A foam roller serves two purposes at once in your Pilates routine. It is designed to stretch muscles and relieve aches or tension, but you also engage your muscles when using it. If you are balancing on top of the foam roller and rolling side to side, particularly, you are engaging your core muscles so that you don’t fall off the roller. At the same time, it is effective at the end of a workout for recovery.
A word of caution—if you have never used a foam roller before, be sure to consult a trainer or do some research on the correct use of it first. You can damage your muscles or cause more pain if you use your roller incorrectly.
6. Foam Block
Foam blocks add a fun element to a Pilates workout by acting as props and providing a challenge. For example, you can rest your arm on a block instead of the floor when doing a side plank. The blocks can also provide some assistance for those that need exercise modifications. For example, if you cannot reach all the way to the floor when you are standing up, you can reach down to the block instead.
Smaller than a large exercise ball, the overball is about 7 to 10 inches. It can be used to support parts of your body while you are exercising them, such as your lower spine when you are doing sit-ups or crunches. You can also use an overball as resistance while doing leg exercises. For example, you can place the ball between your knees while you are lying down and squeeze the ball to work your thighs.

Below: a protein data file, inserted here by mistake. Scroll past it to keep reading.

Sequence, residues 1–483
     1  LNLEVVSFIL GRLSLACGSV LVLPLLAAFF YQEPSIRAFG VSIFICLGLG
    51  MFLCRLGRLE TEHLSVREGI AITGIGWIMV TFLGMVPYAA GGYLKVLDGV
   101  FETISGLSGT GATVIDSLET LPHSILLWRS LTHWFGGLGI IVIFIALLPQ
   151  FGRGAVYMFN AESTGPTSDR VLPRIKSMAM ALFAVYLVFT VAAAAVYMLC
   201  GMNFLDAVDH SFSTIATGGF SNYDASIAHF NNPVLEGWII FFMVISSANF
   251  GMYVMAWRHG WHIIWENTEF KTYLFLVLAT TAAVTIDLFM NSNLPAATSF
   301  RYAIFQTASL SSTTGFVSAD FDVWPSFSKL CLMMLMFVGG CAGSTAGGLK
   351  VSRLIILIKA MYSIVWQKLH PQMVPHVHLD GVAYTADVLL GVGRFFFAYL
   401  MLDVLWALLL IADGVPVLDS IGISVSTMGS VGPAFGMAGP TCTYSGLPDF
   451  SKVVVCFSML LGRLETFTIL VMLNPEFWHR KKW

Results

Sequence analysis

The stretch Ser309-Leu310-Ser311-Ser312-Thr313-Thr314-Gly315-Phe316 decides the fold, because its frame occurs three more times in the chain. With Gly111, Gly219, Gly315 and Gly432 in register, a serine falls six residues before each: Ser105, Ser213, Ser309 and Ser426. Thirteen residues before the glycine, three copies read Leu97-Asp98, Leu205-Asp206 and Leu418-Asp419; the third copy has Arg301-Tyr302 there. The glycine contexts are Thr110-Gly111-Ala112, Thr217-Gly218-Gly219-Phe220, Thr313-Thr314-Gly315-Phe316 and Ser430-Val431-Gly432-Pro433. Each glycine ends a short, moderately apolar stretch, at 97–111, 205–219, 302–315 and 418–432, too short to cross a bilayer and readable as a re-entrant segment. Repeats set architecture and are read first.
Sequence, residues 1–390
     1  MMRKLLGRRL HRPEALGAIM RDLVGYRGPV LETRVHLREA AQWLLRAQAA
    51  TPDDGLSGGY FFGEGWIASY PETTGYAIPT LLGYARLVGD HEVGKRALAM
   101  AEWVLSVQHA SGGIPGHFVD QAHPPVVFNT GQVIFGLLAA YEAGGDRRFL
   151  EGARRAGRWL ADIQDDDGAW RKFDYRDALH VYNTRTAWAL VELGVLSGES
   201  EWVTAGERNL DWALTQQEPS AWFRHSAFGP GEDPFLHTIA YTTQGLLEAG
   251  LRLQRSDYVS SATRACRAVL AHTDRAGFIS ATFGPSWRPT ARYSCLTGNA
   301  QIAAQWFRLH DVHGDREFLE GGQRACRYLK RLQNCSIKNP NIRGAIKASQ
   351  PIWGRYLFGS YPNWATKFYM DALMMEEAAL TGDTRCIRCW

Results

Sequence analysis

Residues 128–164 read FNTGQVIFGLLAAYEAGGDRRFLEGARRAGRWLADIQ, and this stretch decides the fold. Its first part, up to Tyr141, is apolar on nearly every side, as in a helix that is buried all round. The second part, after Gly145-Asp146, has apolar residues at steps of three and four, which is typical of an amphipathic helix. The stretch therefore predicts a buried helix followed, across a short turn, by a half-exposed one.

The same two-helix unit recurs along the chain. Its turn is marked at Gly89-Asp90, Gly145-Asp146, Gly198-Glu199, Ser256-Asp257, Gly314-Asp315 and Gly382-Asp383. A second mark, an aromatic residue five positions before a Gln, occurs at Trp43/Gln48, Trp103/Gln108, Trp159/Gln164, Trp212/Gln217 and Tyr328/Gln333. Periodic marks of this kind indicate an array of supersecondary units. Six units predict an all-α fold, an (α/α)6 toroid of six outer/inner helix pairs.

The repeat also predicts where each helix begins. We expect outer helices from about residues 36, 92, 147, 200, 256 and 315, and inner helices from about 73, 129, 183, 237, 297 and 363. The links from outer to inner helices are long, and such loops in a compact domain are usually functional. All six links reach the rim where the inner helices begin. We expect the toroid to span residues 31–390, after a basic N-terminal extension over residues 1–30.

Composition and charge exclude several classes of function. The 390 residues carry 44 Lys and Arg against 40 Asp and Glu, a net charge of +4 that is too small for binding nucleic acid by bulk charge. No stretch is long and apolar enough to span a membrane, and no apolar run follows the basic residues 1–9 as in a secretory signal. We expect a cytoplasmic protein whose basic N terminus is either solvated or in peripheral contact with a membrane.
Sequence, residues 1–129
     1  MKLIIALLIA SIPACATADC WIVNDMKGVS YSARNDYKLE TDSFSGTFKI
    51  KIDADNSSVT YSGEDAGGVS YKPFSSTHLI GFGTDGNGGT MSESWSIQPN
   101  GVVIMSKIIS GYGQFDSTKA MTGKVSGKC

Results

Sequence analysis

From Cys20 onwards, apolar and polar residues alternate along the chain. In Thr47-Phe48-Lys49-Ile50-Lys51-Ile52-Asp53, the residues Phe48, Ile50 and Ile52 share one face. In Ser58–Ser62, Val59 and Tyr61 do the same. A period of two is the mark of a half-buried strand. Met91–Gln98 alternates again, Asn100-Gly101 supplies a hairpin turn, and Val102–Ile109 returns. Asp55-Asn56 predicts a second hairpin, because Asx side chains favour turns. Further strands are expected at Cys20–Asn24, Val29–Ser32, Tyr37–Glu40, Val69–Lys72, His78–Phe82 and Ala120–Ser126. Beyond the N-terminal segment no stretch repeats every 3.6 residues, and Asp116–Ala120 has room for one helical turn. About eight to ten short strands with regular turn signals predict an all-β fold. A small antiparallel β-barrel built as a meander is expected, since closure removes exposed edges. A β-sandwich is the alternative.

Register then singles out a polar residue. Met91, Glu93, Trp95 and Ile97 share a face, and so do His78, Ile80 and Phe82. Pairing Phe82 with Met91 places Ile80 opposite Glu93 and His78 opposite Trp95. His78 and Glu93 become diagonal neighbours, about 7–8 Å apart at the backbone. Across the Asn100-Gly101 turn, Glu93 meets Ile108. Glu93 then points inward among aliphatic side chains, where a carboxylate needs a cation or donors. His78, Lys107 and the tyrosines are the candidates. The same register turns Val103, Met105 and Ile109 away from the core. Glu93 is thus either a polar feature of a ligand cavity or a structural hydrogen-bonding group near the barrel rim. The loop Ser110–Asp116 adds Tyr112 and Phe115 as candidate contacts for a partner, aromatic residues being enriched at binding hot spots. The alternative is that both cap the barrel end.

8. Massage Ball
Used during recovery after a Pilates workout, a massage ball is a small, spiky ball that can relieve sore muscles. They are particularly helpful with massaging out knots and relieving tension in the back and shoulders. Massage balls can also be used to massage tired feet after a workout by simply putting the ball on the floor and rolling it back and forth with your foot.
9. Ankle And Wrist Weights
Ankle and wrist weights add hands-free weight to a workout for extra strength training. They can be used while doing virtually any exercise, which makes them convenient and versatile. If you are a beginner, start with a lower weight and increase the weight as needed.
10. Ab Roller
An ab roller can be used as a regular part of your Pilates routine or added once in a while to provide a fun change of pace. A wheel with a handle on each side, the ab roller helps you perform an exercise that looks like a pushup on wheels. While simple to perform, the exercise targets many muscles from your abs to your hips and shoulders.
11. Stability Board